FIG. 8 is an enlarged top plan view of the inked ribbon cartridge drive assembly forming part of the cartridge illustrated in FIG. 1;
FIG. 8A is a schematic illustration of a one-way clutch cooperable between the drive shaft and drive knob in the ribbon drive mechanism;
FIG. 9 is a cross-sectional view thereof taken generally about on line 9--9 in FIG. 8; and
FIG. 10 is a plan view of a floating ribbon shield disposed between the synchronizing drive gears and the ribbon drive and driven wheels.
Reference will now be made in detail to the presently preferred embodiment of the invention, an example of which is illustrated in the accompanying drawings.
The contents of U.S. patent application Ser. No. 081,245, filed August 4, 1987 for "Oscillating Ribbon Strippers for Endless Loop Ink Ribbon Cartridge" are incorporated herein by reference to application Ser. No. 081,245 as though fully set forth herein.
Generally, an inked ribbon cartridge assembly 10 is intended for use in a shuttle matrix impact printer (not shown except to the extent the printer mounting platform is illustrated in FIG. 6). It includes a housing 12 (preferably formed of plastic material) having an elongated storage chamber 14, a laterally enlarged processing chamber 11, and exit (outlet) and entrance (inlet) arms 16 and 18, respectively, at opposite ends of assembly 10. Housing 12 also includes a body section 20 for receiving the inked ribbon cartridge drive assembly, generally designated 22 (FIGS. 8 and 9).
Generally, a continuous inked ribbon R is stored in chamber 14 in multiple, approximately transversely extending uniform folds 24 (FIG. 7) extending back and forth across chamber 14. Ribbon R is taken from chamber 14 through an exit slot 25 (FIG. 7) and inverted 180° by a mobius loop inverter 110 (for example, as described in U.S. Pat. No. 4,630,948). It is then passed about various posts and through exit arm 16 for registry with an impact printing mechanism I (e.g., a shuttle dot matrix printhead, protective cover, air ducts, etc. shown in dotted form in FIG. 2), located between arms 16 and 18 and the ribbon R to print on a record medium or substrate M. After use, it is passed into entry arm 18 for return to storage chamber 14 under the action of drive assembly 22.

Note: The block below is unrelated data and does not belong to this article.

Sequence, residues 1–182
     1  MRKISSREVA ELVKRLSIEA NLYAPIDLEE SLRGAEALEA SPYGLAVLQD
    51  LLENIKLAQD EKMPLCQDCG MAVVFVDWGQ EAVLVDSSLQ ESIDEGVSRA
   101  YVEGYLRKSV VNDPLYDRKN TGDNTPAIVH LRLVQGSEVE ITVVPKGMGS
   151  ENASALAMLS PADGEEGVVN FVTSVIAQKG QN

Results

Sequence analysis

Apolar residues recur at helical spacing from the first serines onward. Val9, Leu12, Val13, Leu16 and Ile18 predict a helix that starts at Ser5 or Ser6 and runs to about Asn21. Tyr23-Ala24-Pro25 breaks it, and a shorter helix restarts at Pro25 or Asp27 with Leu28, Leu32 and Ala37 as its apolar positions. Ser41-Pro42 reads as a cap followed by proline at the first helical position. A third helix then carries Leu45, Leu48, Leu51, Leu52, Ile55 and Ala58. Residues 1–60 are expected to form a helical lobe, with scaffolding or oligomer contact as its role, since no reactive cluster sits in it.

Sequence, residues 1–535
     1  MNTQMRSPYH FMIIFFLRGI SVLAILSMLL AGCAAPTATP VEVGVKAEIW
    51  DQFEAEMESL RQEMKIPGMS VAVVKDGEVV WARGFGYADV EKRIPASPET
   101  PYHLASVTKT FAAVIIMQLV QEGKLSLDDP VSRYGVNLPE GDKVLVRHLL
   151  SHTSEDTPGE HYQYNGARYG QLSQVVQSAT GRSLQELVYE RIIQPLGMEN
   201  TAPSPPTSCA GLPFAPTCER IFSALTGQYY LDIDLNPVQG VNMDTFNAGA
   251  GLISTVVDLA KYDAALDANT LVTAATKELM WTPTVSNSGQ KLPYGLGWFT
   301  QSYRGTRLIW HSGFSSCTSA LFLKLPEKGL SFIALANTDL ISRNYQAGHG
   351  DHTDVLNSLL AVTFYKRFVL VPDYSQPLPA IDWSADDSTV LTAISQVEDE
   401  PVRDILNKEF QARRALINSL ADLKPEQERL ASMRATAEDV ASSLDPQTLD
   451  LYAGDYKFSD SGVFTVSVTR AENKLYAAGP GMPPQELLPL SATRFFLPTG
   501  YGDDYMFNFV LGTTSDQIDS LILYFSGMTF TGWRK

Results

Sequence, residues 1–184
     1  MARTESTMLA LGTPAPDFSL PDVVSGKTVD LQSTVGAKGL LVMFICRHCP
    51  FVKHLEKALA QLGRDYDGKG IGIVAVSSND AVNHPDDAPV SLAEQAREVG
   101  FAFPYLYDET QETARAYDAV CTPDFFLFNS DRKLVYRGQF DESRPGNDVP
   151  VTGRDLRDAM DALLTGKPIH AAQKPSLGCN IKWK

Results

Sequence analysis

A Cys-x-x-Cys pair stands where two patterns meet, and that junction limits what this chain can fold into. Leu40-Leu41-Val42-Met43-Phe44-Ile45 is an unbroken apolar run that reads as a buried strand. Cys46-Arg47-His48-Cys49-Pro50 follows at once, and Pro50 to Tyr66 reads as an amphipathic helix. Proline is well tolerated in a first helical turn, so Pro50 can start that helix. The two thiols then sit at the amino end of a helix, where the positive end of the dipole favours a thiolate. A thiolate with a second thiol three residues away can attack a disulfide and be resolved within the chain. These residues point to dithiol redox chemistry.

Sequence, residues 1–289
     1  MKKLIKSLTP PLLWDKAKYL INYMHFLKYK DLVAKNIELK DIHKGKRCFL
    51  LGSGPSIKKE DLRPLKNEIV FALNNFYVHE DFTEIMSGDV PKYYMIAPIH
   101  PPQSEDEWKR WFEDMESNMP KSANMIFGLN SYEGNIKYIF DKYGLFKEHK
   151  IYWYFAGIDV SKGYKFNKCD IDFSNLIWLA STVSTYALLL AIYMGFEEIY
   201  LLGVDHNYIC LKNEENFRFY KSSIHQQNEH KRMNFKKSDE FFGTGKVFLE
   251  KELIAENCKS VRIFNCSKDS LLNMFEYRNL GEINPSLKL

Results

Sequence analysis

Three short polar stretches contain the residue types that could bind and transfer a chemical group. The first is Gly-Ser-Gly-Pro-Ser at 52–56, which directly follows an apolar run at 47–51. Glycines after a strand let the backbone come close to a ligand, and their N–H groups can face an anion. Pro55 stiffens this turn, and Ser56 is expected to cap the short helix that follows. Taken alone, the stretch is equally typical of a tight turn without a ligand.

Printing may take place along a print line PL on the medium M along a line parallel or skewed with respect to ribbon direction of movement. This may be achieved, for example, by positioning the cartridge assembly 10 on the platform 76 to be at an oblique angle with respect to the print line PL.
As disclosed in the related prior patent application, Ser. No. 081,245, drive assembly 22 includes drive roller 30 (FIG. 8) and driven roller 32. In brief, each of rollers 30 and 32 comprises tiered pinch rollers disposed about a common axis, for example, the pinch rollers 34 and 36 illustrated in FIG. 9 for driven roller 32. Drive roller 30 (FIG. 6) is suitably driven by a splined post 39 upstanding from the printer platform 76 and which part is received, upon mounting the cartridge assembly 10 on the platform 76 in a correspondingly splined recess 31 along the underside of cartridge assembly 10. Ribbon R (FIG. 8) is therefore received within drive housing or processing chamber and routed through the nip between the pairs of pinch rollers 34 and 36 for introduction into the storage chamber 14. The drive and driven rollers 30 and 32, respectively, have strippers 38 and 40, respectively, mounted for oscillation about pivot points 42 and 44. Strippers 38 and 40 are generally C-shaped and are mounted for oscillatory movement by rotation of cams 41 and 43, respectively. Thus, upon rotation of rollers 30 and 32, forwardly directed surfaces 30a and 32a on the strippers 38 and 40 oscillate between positions within and without the confines of the pinch rollers 34 and 36 to play the ribbon R back and forth between the edges of the storage chamber 14 as the ribbon R is advanced. The drive roller 30 drives roller 32 by drive gears 48 and 50, which lie in mesh (one with the other) above the nip formed by the paired pinch rollers 34 and 36.
In accordance with one aspect of the present invention, a floating shield 52 (FIG. 10) is disposed between the drive gears 48 and 50 and the uppermost rollers of the pairs of pinch rollers 34 and 36. As illustrated in FIG. 10, shield 52 is formed of flat sheet material, preferably stainless steel, having a generally rectangular base portion 54, two semi-cylindrical cutouts 56 and 58 on opposite sides thereof defining a neck 64 therebetween and a pair of arcuately outwardly directed legs 60 and 62 at the end thereof opposite base portion 54. Shield 52 is disposed between drive gears 48 and 50 and the uppermost rollers of the pairs of pinch rollers such that neck 64 thereof is disposed between the meshed gears 48 and 50 and the nip formed by the tiered pinch rollers 34 and 36. The uppermost pinch roller of each pair thereof has a radial groove 57 (FIG. 9) for loosely receiving the margins of the circular cutouts 56 and 58 of shield 52.